Tomorrow morning, the City Council's Transportation Committee will take up a bill that would require the Department of Transportation to notify communities about major construction projects. In recent years, residents on the Lower East Side and in Chinatown have been highly critical of the DOT. The Grand Street bike lanes, the Allen Street Mall beautification and the Chatham Square re-configuration are the most glaring examples.
Neighborhood groups have argued that the changes caused traffic congestion to become worse, made Lower Manhattan's streets more dangerous and choked off access to small businesses. But they are particularly agitated about a perception that the DOT is imperious, ignoring their concerns and doing as it pleases.
The bill, proposed by Councilmember Alan Gerson, would require the DOT to post notices about proposed street changes – and to engage communities in a meaningful way about their plans.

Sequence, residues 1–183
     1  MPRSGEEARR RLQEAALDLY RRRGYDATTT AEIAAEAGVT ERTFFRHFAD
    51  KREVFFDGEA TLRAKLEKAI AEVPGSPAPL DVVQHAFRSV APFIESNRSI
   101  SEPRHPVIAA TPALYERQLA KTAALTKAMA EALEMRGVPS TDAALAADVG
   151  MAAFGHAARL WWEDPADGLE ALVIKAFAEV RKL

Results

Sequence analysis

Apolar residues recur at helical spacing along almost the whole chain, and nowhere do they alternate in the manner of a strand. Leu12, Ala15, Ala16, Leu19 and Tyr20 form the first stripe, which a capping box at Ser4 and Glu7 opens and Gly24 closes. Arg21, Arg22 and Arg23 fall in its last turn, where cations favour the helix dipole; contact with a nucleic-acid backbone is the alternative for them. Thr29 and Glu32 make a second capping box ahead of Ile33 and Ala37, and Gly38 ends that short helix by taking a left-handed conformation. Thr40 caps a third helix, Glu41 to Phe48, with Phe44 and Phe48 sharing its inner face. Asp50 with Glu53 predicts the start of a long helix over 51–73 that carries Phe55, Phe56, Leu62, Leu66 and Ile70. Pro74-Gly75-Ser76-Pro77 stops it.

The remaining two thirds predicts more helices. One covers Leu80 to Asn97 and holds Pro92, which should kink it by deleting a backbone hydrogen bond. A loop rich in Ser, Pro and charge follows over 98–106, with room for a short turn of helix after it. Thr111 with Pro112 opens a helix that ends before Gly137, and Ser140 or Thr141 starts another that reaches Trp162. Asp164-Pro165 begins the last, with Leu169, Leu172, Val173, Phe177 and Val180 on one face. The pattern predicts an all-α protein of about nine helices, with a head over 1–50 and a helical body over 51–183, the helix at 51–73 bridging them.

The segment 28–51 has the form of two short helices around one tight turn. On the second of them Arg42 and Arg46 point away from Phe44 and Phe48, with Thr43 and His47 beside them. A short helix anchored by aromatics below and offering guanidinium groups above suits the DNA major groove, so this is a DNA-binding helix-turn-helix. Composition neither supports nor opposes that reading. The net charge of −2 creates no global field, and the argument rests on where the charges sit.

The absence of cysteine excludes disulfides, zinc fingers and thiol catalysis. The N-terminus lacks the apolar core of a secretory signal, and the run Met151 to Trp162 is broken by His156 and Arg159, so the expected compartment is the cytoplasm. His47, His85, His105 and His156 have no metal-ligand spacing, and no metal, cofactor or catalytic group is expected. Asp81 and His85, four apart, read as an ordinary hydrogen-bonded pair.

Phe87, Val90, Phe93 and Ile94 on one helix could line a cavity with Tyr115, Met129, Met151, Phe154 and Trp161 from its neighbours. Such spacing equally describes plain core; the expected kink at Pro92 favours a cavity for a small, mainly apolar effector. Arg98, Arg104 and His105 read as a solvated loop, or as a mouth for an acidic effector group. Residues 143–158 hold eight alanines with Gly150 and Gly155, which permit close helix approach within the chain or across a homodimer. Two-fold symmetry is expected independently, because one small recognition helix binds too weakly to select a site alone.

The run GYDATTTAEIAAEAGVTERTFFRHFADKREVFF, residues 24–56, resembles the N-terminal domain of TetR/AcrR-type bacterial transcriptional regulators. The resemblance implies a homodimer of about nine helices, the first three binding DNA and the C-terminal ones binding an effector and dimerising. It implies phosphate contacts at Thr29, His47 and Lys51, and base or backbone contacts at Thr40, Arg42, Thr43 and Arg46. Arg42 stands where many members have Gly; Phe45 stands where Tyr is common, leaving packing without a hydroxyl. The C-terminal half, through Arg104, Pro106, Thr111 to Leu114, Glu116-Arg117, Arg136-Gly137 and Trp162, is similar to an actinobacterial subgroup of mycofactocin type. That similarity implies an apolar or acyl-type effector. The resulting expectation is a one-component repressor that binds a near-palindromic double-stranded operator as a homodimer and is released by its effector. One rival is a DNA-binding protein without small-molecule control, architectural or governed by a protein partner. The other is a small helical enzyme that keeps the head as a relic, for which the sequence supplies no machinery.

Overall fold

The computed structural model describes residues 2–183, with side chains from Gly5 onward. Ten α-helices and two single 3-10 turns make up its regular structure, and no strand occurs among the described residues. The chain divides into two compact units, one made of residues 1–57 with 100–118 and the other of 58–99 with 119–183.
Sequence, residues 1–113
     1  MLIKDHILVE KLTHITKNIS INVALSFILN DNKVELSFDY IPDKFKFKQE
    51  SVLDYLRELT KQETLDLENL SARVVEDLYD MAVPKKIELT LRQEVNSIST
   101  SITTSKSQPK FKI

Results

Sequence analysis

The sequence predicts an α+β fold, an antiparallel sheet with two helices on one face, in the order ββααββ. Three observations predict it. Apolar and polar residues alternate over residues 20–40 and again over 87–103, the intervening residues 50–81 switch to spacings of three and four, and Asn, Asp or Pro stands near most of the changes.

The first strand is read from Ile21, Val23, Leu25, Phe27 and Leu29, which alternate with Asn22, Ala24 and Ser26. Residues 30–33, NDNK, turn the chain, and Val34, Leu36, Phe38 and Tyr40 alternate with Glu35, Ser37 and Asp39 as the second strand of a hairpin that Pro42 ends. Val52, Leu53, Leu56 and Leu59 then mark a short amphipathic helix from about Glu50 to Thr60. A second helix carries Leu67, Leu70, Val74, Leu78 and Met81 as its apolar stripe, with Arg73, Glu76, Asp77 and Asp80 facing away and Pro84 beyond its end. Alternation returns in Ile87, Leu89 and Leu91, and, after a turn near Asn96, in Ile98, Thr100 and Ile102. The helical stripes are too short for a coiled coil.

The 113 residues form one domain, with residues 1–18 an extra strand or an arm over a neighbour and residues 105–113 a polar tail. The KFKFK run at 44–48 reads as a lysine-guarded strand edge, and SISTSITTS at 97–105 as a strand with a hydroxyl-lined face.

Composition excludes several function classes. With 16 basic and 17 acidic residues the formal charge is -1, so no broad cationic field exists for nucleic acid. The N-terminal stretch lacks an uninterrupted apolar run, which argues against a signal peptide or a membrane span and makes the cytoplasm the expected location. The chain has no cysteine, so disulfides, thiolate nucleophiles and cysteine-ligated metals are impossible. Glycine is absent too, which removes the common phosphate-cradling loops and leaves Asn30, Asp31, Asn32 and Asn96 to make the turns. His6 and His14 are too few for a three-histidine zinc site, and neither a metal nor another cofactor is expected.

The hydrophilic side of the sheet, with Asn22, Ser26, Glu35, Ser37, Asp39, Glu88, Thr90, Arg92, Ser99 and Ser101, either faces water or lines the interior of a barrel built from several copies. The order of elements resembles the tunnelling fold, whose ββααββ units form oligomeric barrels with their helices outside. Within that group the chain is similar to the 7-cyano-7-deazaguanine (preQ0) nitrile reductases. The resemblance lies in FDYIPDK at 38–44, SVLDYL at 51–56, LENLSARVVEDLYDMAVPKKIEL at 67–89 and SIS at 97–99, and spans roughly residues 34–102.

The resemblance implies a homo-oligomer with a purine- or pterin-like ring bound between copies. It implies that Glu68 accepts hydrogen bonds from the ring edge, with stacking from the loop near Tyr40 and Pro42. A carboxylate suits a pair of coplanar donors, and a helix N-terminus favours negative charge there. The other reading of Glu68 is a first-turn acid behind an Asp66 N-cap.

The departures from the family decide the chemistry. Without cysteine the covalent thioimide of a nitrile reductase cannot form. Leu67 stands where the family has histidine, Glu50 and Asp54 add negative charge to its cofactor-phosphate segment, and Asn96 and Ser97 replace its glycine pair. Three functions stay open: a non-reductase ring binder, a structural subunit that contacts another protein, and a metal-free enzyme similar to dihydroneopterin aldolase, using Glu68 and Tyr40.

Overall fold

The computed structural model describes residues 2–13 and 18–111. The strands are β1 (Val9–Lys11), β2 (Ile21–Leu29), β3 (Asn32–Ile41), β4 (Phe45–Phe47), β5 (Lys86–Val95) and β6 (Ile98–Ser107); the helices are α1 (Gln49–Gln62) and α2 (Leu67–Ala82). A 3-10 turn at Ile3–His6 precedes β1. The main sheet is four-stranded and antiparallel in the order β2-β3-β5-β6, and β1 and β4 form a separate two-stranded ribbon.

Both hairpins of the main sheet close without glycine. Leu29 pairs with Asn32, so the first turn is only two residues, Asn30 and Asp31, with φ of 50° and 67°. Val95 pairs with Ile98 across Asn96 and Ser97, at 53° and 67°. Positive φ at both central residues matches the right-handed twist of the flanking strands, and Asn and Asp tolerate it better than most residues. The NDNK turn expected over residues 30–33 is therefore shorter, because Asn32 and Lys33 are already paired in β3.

Transportation Alternatives, an advocacy organization for pedestrians and bicyclists, strongly disagrees with the notion that the city has not provided opportunities for community input. Through the Community Boards, the organization argues, people have ample opportunity to express their viewpoints about the DOT's plans.
Margaret Chin, who almost certainly will replace Gerson on the City Council in January, plans on attending tomorrow's hearing. Also attending will be members of the Civic Center Residents Coalition, which has fought many of Mayor Bloomberg's transportation initiatives. John Liu, the Democratic nominee for Comptroller, is the committee's chair.
The meeting takes place tomorrow at 10am, in City Council Chambers. Click here for directions.